While the debate around a reduction in the number of clubs in Ligue 1 has resurfaced in recent weeks, Sport24-Le Figaro looks back on the period between 1997 and 2002, when Division 1 included 18 teams. Was the championship more attractive? Were the French teams more successful in Europe? Response elements.
He is back. Relaunched by statements from Vincent Labrune, the debate on a reduction in the number of clubs in Ligue 1 has resurfaced in recent weeks. If the new boss of the LFP has returned to his words, other important players in French football have spoken in favor of such a reform, such as Didier Deschamps, the coach of the Blues. This reform is one of the solutions envisaged to meet two major needs of the professional ecosystem: to make the championship more attractive (to sell it better) and to enable French teams to be more competitive on the European scene. But was it really better between 1997 and 2002, when Division 1 (the former name of Ligue 1) only included 18 teams?
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Five champions in five years: an uncertain championship
During this period, the French championship was fascinating because undecided. Between 1997 and 2002, five different teams became champions of France: RC Lens (1997-1998), Girondins de Bordeaux (1998-1999), AS Monaco (1999-2000), FC Nantes (2000-2001) ) and Olympique Lyonnais (2001-2002), which then began its long series of national titles. Without any particular hegemony, the seasons were contested and tight. The Lensois only won Division 1 thanks to a goal difference greater than that of FC Metz, which had exactly the same number of points (68) after 34 days. The Bordelais (72 points) also won the championship on the wire, on the last day, ahead of Olympique de Marseille (71 points). Lyon, for its part, won its first title of champion of France by winning on the 34th day against Racing Club de Lens, which was at the top of the standings (66 points for OL against 64 points for RCL ).
When FC Nantes won the championship in 2000-2001
With fewer matches (34 with 18 clubs against 38 with 20 teams), the ranking was tighter; a format conducive to suspense. But returning to such a system would not necessarily make Ligue 1 more uncertain. At the time, the context was different. No team was much superior to the others, while since the beginning of the 2010s, Paris Saint-Germain, thanks to its financial strength, has dominated the championship and would undoubtedly win it (except for an exceptional season as in 2017 and the title of l ‘AS Monaco) even with 34 days instead of 38.
Fewer goals per game
If we consider the number of goals per match as one of the main criteria that can assess the proposed spectacle (there are many others, more subjective, and more difficult to quantify), then the championship was slightly less interesting when it had eighteen formations. Between 1997 and 2002, the seasons fell below 2.5 goals / game; except in 1999-2000 where this average reached 2.57 goals / game. On the contrary, over the last five full seasons (i.e. between 2014-2015 and 2018-2019), we see that the exercises are more prolific with an average exceeding 2.5 goals / game on four occasions (except in 2014-2015 where it is 2.49 goals / game), even with a peak of 2.71 goals / game in 2017-2018. The offensive armada of Paris Saint-Germain has undoubtedly changed this average, but it does not in itself explain this increase. Proof of this is in 2016-2017, during their title, AS Monaco scored 107 goals, or 2.81 goals / match; much more than during his triumph in 1999-2000 (69 goals, or nearly 2.03 goals / game). However with 69 goals, the club of the Rock then constitutes the best attack all seasons combined of the period 1997-2002.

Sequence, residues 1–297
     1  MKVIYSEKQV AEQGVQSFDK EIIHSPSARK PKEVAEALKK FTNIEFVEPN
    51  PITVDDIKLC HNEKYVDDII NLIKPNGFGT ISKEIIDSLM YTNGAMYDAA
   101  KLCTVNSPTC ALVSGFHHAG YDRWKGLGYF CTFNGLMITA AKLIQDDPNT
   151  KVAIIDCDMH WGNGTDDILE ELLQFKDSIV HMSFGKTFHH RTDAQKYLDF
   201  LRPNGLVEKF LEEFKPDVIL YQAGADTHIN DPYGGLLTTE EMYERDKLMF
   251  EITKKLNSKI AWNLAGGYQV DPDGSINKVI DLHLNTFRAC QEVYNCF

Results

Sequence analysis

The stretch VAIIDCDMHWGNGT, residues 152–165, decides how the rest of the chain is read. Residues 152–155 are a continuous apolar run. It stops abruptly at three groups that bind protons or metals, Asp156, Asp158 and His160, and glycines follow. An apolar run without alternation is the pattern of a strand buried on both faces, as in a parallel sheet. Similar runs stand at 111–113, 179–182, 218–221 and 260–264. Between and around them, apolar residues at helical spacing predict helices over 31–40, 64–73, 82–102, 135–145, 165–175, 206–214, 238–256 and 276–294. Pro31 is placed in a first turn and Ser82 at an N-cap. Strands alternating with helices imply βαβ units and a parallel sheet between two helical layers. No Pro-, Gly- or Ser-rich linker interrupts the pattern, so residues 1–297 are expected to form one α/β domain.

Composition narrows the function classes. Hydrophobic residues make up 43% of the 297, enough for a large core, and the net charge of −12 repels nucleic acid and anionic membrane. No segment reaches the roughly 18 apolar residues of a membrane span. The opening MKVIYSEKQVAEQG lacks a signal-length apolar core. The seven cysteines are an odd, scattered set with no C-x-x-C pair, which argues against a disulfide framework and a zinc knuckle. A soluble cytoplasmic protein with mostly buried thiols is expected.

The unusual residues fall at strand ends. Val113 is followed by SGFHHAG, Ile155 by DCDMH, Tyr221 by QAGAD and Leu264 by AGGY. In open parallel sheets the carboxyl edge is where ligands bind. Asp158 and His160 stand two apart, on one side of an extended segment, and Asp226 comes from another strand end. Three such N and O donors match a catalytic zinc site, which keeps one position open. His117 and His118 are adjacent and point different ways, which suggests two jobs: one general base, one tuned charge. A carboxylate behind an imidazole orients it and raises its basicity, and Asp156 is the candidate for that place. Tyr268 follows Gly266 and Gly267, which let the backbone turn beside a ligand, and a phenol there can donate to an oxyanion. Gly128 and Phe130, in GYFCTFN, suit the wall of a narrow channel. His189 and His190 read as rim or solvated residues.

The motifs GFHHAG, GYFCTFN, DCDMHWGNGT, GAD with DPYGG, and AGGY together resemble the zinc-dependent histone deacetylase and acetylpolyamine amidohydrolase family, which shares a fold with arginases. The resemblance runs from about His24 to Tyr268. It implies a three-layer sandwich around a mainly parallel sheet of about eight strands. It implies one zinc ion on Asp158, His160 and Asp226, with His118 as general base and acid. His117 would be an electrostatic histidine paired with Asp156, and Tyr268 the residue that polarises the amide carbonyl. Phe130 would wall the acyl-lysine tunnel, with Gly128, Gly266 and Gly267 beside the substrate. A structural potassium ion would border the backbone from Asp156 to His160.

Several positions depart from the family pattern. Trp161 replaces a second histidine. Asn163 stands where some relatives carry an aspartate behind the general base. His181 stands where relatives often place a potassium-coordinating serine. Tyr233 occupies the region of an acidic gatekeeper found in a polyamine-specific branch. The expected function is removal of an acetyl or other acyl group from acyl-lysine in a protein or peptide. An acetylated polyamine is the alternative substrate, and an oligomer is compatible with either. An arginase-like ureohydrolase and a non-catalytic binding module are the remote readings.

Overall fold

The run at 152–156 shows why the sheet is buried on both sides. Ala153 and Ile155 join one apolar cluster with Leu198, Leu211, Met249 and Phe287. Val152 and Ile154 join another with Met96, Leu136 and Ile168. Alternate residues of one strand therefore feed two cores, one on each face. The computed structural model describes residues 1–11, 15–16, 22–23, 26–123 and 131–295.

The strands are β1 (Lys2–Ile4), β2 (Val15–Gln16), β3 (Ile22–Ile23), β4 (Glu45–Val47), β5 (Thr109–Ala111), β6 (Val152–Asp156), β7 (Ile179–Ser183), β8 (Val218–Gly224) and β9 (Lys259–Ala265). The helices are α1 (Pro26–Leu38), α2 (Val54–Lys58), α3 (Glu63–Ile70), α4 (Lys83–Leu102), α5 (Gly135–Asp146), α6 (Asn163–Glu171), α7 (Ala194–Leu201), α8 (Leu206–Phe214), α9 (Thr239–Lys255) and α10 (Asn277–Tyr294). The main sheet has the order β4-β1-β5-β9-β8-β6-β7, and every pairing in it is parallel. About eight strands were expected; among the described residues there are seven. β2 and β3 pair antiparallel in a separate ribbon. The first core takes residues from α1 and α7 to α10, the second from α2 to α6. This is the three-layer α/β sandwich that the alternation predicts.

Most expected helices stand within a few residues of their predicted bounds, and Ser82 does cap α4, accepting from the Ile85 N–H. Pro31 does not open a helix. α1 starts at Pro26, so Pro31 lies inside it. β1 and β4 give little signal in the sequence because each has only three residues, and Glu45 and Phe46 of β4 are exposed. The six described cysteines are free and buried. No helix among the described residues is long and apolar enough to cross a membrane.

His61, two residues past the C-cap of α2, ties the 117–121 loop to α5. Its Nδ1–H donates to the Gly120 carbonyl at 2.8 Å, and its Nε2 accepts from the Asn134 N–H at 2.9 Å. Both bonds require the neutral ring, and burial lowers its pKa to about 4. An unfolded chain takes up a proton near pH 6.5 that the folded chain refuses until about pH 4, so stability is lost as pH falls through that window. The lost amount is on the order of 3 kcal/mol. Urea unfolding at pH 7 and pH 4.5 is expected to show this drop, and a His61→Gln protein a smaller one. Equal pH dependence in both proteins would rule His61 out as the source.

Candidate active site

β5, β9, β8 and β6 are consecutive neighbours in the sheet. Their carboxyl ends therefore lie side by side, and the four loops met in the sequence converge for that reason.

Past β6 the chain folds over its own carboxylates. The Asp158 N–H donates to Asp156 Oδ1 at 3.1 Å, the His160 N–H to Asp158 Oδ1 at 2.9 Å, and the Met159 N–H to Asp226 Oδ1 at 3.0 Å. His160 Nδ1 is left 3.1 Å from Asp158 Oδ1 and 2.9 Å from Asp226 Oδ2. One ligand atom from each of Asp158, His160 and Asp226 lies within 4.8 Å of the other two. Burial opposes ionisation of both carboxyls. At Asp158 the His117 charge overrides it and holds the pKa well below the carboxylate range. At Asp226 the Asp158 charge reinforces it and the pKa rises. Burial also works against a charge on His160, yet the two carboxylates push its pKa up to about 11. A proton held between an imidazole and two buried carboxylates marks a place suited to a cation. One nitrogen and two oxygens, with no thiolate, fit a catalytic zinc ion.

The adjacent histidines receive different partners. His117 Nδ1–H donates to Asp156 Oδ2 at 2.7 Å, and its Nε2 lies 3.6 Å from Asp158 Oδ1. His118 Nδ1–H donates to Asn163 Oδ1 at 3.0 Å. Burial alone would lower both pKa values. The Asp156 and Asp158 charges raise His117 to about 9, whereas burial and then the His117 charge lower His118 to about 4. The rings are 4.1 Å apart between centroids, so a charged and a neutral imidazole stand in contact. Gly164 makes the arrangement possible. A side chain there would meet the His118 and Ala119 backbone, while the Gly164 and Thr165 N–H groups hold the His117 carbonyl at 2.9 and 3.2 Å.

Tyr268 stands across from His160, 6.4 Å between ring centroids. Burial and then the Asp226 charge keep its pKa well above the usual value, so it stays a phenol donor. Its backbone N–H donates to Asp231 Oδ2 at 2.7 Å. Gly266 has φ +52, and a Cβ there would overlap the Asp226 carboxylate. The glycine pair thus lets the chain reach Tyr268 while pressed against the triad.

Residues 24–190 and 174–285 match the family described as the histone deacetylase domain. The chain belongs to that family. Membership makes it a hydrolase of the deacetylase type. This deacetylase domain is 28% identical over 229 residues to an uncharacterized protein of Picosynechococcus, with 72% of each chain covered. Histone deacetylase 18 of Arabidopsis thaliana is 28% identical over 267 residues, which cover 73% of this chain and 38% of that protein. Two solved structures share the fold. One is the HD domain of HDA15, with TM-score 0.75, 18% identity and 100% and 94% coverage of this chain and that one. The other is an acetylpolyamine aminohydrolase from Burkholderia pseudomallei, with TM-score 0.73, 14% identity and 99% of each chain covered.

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Three European semi-finals
Were the French teams more competitive at European level? Hard to say. As for the other two criteria presented above, the duration of this period is too small to have a definitive judgment. Nevertheless, between 1997 and 2002, the French clubs reached the stage of the semi-finals of the European cups on three occasions: Monaco found itself in the last four of the Champions League in 1997-1998, Olympique de Marseille has was defeated in the UEFA Cup final (the ancestor of the Europa League) in 1998-1999 and Racing Club de Lens also managed to reach the semi-finals of this same competition the following year. Over this period, the European semi-finals / season ratio stands at 0.6. Over the following five years, the average is 0.4 European semi-finals / season (AS Monaco in the Champions League final in 2003-2004, and Olympique de Marseille in the UEFA Cup final in the same season ). But over the last five seasons – between 2015 and 2020 – the ratio is 1, with two finals (OM in the Europa League in 2017-2018 and PSG in the Champions League in 2019-2020). These figures only give an indication and do not clearly reflect the competitiveness of the French teams in Europe because the general impression would have been different if a French club had won a European title, even in a slack period. Nevertheless, they allow to show that the passage to 18 teams did not appreciably have an impact on the level of the clubs of the Hexagon on the European scene; in any case over five seasons. Moreover, it was before 1997 that France obtained its two European Cups: in 1993 in C1 with OM and in 1996 in the Cup in 1996.
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